Music can be relaxing for us humans. It can stimulate us or lift our mood. Science is convinced that music has a positive effect on dogs too. But what does relaxation music sound like for dogs and what do they like listening to?
Relaxation Music for Dogs: The Best Way for Dogs to Switch Off
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Dogs also like listening to music.
Study: Relaxation music helps dogs in animal shelters
Cats, cows, sharks and dogs have one thing in common: They react positively to music. Since tastes differ, a study by the University of Glasgow and Scottish Society for the Prevention of Cruelty to Animals (SPCA) has investigated what music dogs like listening to.
Music reduces stress for animals in shelters
For their research, the authors of the study made music part of the everyday life of animal shelter residents for a few days. In an animal shelter in Scotland, several dogs were able to listen to a different music genre every day.
The researchers measured the dogs’ stress level, i.e. their heartbeat and cortisol level – the concentration of stress hormone in the body – and observed their body language. This allowed them to find out what music proved most relaxing for dogs.
However, the researchers didn’t carry out their study solely out of theoretical interest. Thanks to the results, animal shelter volunteers and employees now know what music they can play to keep the dogs relaxed until they find a new home.
The animal shelters in Glasgow and Edinburgh have already started playing relaxing music for dogs straight after the study.
According to the study, the best relaxation music for stressed dogs is either soft rock or reggae.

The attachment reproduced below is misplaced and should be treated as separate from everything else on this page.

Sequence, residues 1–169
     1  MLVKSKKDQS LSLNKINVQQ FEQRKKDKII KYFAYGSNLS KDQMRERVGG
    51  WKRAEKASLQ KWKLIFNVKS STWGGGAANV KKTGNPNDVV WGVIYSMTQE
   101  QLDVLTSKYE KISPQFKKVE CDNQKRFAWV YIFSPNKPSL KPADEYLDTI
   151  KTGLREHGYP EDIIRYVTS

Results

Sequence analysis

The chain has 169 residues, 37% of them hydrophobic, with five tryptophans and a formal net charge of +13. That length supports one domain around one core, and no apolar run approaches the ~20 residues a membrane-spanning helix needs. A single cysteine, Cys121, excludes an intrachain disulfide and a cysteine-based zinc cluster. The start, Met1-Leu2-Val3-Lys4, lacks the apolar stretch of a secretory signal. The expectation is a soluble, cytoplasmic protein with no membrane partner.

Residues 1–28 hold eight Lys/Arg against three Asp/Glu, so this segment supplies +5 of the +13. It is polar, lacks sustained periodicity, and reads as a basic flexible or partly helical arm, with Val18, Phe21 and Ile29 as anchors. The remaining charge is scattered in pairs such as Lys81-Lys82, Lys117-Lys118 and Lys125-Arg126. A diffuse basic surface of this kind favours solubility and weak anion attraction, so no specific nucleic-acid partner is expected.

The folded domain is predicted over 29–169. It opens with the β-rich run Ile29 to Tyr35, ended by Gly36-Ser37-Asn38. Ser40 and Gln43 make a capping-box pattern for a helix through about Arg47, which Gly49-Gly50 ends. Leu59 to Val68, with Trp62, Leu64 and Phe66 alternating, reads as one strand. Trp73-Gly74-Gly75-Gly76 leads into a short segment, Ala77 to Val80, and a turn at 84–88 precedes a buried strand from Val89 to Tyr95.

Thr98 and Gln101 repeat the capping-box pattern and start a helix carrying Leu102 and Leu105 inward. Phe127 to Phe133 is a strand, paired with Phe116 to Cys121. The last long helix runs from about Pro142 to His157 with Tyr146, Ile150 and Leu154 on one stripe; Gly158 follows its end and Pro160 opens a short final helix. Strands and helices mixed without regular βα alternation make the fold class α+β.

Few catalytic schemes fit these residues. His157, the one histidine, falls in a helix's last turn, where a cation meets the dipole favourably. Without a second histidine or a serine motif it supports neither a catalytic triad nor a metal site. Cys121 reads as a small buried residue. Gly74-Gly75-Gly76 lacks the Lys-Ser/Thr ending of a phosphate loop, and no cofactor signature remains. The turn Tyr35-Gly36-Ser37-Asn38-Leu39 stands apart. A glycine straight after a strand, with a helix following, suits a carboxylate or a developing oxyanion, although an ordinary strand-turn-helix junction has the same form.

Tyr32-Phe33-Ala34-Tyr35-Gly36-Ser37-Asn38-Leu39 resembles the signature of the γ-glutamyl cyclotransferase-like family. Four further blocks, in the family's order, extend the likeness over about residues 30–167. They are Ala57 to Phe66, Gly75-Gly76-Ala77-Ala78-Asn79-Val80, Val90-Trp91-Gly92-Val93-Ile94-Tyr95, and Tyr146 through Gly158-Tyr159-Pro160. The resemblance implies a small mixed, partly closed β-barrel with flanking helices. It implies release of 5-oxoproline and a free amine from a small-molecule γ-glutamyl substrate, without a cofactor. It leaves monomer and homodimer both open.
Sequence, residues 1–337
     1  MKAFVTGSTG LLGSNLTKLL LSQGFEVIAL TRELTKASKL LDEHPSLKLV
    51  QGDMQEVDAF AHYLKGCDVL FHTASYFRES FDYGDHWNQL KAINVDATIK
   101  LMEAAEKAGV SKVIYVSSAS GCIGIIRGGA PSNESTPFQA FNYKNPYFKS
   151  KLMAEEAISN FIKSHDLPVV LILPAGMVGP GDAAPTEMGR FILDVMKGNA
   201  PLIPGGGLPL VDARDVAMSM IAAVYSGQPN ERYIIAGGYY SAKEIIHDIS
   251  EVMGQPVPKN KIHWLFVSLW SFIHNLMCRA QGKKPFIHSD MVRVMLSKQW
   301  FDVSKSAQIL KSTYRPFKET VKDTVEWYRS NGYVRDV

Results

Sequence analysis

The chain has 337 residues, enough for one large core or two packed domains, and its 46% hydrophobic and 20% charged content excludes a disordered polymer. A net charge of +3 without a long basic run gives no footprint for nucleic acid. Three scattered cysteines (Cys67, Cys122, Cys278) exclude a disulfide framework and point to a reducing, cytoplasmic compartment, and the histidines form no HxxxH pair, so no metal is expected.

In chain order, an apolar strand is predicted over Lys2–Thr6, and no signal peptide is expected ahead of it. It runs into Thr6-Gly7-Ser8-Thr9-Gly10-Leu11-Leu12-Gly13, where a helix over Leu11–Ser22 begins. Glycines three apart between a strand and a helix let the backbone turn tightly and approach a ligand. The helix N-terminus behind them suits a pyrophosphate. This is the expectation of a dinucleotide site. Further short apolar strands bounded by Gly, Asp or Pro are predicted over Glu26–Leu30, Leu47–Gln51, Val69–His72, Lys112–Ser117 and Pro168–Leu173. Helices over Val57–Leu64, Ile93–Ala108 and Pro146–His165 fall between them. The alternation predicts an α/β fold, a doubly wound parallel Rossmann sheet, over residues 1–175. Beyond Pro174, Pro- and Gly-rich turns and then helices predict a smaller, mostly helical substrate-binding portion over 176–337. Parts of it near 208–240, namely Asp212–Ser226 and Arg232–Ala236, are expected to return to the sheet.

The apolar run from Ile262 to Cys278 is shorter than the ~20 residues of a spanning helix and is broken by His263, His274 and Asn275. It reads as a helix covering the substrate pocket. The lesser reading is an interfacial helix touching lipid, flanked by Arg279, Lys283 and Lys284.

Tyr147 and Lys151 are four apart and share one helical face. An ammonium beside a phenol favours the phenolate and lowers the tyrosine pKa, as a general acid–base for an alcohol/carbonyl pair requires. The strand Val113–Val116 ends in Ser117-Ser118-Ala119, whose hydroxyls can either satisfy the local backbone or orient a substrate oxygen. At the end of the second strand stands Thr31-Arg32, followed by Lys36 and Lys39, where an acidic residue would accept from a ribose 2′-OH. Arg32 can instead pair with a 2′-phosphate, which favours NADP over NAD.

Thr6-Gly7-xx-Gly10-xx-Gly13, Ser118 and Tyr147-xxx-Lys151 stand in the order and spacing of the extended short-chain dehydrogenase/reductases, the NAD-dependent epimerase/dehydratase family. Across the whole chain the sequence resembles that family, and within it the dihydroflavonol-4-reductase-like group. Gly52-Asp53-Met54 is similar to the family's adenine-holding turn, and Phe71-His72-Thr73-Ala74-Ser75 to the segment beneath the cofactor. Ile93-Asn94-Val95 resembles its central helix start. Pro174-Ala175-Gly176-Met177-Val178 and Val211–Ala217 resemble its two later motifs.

However, the exact genre depends entirely on the dog’s personal taste. Many dogs can also relax well to classical music from Mozart to Beethoven.
Soft rock is relaxation music for dogs
It’s not overly surprising that dogs can relax particularly well to soft rock. The music magazine Rolling Stone calls it a “feel good sound”. And reggae is the epitome of laid-back music.
In comparison, R&B, soul and pop music is slightly less relaxing for dogs.
Whilst cats relax best to sounds they know from when they were kittens, dogs don’t need any special dog music in order to switch off.
This means that you can simply play soft rock and reggae hits for your dog – for instance, from these artists:
- Neil Diamond
- Fleetwood Mac
- Elton John
- Bob Marley
- Inner Circle
An album for dogs and their owners
Or look for the album “Paws. Play. Relax.” on the streaming platform of your choice. After the release of the Scottish music study, many dog lovers and animal shelter teams wanted an album full of relaxation music for dogs.
Demand was so great that the SPCA actually brought out an album with the support of John McLaughlin, the songwriter behind hits for bands like Westlife. But creating relaxation music for dogs must have been a first even for him!
You can listen to the album with your dog on Spotify, for instance.
There’s so much more music as well as this album and the genres mentioned. But only a fraction of it could be played to the dogs during the study.
If you don’t like soft rock and reggae but do like indie, for instance, why not try it out to see if your dog is keen too?
Tips on listening to music with dogs
There are a few simple rules so that you both have fun and the experiment really does prove relaxing:
- Bear in mind that dog’s ears are much more sensitive than human ears. Hence, gentle sounds are more pleasant than loud ones. After all, the music should be relaxing and not deafening.
- Play your dog a few songs from different music genres – ideally not too many at once, otherwise your four-legged friend will soon get overwhelmed.
- Dogs have different ways of showing if they like music. For instance, they appear calmer than usual or lie down in a relaxed position. If you observe such behaviour, the experiment has been successful.
- But take care: dogs are quite similar to us humans regarding music consumption preferences. Just like us, our dogs also get bored if they only hear the same music all the time. So offer your dog as much musical variety as possible.
There’s good news for non-music fans too: Even audiobooks and podcasts can help dogs relax. So you don’t always need to have music blaring from the speakers in order to relax with your dog.